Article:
Category Archives: Mobility

Migliorare i comportamenti dei passeggeri del trasporto pubblico con la nudge theory

Nell’interessante articolo The Amazing Psychology of Japanese Train Stations si parla delle tecniche adottate dalla West Japan Railways per limitare i comportamenti scorretti dei passeggeri e per diminuire i suicidi utilizzando la nudge theory di Richard Thaler.

La famosa campagna che trasformava le scale in pianoforte.

Con 13 miliardi di viaggi all’anno il sistema ferroviario giapponese è famoso sia per la puntualità dei suoi treni, sia per l’affollamento e la frenesia delle sue stazioni. Come tutti sanno, o dovrebbero sapere, non sempre la puntualità del trasporto pubblico dipende solamente dalle infrastrutture, i mezzi o la pianificazione. Molto spesso infatti il comportamento dei passeggeri e degli altri attori della mobilità urbana influenzano l’efficienza del trasporto pubblico in maniera molto rilevante e forse troppo poco conosciuta.

L’approccio comportamentalista della nudge theory afferma che con dei “rinforzi” o letteralmente “colpetti”, “gomitate”, “spintarelle”, è possibile condizionare i comportamenti degli esseri umani in maniera subliminale. Gli esempi sono molti e vanno dagli adesivi sul pavimento che aumentato la capacità delle stazioni più affollate, ai pulsanti con su scritto “compra ora” che troviamo sui post dei nostri social network preferiti. Si, diciamo che in alcuni contesti il limite tra la pubblicità e la psicologia comportamentale è molto labile, ma tornando a parlare delle soluzioni nudge adottate in Giappone, la cosa che ho trovato più interessante è il loro approccio umanistico piuttosto che manipolatorio teso a migliorare lo stato d’animo dei passeggeri e non a correggerne il comportamento.

Trovo quindi geniale la sostituzione dell’avviso di partenza dei treni, l’angosciante sirena che tutti conosciamo, con una piacevole melodia che fa da colonna sonora ai secondi precedenti la partenza dei mezzi. Questi brevi jingle sono stati composti appositamente per mitigare il senso di urgenza dei passeggeri che si approssimano a un treno in partenza e che spesso, accalcandosi o addirittura lanciandosi sulle porte di entrata, causano ritardi e guasti ai mezzi. Un altro utile effetto delle melodie è stato inoltre quello di dare una tempististica standard per la partenza del treno consentendo agli utenti che sentono le note finali della musica di effettuare il loro percorso con calma.

Di seguito un video che aggrega tutti i jingle dal classico sapore manga che sicuremante qui da noi non sarebbero molto apprezzati.

Altra strategia apparentemente banale è quella dedicata al contenimento dei suicidi tramite l’installazione di lampade a led di colore blu agli estremi delle banchine dei treni. Secondo alcuni studi infatti il colore blu ha un effetto calmante, ed anche se per molti di noi questa può rappresentare poco più di una nozione di nuro-marketing, nella nazione con il più alto tasso di suicidi dei paesi sviluppati ha avuto effetti miracolosi. Nelle stazioni dotate delle lampade blu in Giappone hanno inatti misurato una diminuzione del tasso dei suicidi dell’84%.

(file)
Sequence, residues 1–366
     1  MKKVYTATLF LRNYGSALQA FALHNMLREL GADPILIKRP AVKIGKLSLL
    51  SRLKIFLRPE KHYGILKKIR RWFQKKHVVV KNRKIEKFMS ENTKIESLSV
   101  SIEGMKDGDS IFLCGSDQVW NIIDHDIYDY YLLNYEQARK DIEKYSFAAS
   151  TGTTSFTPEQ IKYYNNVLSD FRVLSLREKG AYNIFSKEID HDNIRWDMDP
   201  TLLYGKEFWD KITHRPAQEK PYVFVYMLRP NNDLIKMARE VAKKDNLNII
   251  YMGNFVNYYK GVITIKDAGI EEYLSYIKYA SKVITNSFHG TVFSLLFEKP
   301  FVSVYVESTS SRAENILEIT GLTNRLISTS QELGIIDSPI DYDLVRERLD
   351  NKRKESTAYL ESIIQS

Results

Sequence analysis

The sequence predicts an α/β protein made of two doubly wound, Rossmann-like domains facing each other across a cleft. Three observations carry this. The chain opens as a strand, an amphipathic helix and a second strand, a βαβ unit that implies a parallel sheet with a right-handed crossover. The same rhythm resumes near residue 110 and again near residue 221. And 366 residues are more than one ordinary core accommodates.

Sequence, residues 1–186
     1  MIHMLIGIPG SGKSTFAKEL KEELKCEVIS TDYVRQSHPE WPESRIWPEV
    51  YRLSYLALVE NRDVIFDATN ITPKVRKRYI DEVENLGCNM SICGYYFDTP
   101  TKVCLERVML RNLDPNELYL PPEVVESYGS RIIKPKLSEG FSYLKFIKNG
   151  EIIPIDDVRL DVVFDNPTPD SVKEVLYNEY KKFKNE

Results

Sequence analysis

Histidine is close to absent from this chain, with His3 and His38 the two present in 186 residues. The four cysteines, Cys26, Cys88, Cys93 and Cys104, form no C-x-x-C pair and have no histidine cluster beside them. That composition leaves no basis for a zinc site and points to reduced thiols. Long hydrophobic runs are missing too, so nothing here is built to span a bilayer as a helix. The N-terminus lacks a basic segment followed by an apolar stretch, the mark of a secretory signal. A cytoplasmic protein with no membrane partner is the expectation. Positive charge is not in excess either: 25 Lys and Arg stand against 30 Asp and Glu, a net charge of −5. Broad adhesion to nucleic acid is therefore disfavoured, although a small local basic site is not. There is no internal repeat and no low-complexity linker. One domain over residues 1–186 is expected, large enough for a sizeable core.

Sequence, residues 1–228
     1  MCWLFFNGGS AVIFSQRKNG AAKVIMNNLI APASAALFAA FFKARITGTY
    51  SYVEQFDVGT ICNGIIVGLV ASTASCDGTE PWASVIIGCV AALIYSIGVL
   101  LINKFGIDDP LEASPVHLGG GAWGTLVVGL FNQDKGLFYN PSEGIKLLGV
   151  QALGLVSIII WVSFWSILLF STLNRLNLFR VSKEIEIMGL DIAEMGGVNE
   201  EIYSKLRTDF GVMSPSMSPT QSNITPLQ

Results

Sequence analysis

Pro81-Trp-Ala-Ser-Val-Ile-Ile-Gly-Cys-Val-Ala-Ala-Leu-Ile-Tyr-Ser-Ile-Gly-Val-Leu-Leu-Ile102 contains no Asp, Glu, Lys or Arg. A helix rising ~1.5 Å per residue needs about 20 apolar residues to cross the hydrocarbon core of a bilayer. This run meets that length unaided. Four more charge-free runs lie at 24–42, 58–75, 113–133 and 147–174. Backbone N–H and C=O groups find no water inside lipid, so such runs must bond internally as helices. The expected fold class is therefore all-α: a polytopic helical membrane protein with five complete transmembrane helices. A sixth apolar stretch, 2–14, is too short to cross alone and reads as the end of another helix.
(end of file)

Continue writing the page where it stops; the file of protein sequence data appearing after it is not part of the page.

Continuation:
Concludendo e contestualizzando, credo che la nudge theory nel nostro paese possa essere utilizzata proficuamente trovando però il modo di adattarla alle caratteristiche culturali nazionali che sono molto diverse da quelle giapponesi. Avere però la coscienza che per aumentare l’efficienza delle nostre infrastrutture e dei nostri servizi in alcuni casi potrebbe bastare qualche adesivo o avviso sonoro, rende le nostre sfide professionali più facili da affrontare.

I 10 principi per la mobilità condivisa e la vivibilità delle città

Durante i miei approfondimenti sul tema della mobilità condivisa ho trovato questi dieci principi che ho deciso di tradurre perché trovo si tratti di una sintesi interessante e un fonte di ispirazione per tutti coloro i quali lavorano nel settore del trasporto e dell’urbanistica.

Sul sito Shared Mobility Principles potete trovare gli originali.

  1. Pianifichiamo insieme le nostre città e la loro mobilità. Il modo in cui le città sono costruite determina il bisogno di mobilità e come questo può essere soddisfatto. La regolamentazione del design urbano e degli spazi pubblici, delle aree edificabili, dei parcheggi e delle altre attività sul territorio dovrebbe spingere verso città compatte, accessibili, vivibili e sostenibili.
  2. Diamo priorità alle persone e non ai veicoli. La mobilità delle persone e non dei veicoli dovrebbe essere il centro della pianificazione del trasporto e delle decisioni importanti. Le città dovrebbero dare priorità ai pedoni, ai ciclisti, al trasporto pubblico e ad altre forme di mobilità condivisa con tutte le loro possibili interconnessioni. Le città dovrebbero scoraggiare l’uso dell’auto, dei taxi con un solo passeggero e di altri veicoli di grandi dimensioni che trasportano una sola persona.
  3. Supportiamo l’uso condiviso ed efficiente dei veicoli, delle corsie e del territorio. La pianificazione del trasporto e dell’uso della territorio dovrebbero minimizzare lo spazio dedicato a strade e parcheggi pro-capite e massimizzare l’utilizzo di tutti i veicoli in circolazione. Scoraggiamo la costruzione di mezzi e infrastrutture complesse e di grandi dimensioni oltre che l’eccesso di parcheggi.
  4. Coinvogliamo gli stakeholder. Con la transizione dai veicoli condivisi a quelli a zero emissioni e poi a quelli autonomi, residenti, lavoratori, attività commerciali e tutti gli altri stakeholder potrebbero avere degli impatti diretti sulle loro vite, sui loro investimenti e sul loro sostentamento. Dobbiamo impegnarci per coinvolgerli e supportarli durante questo cambiamento.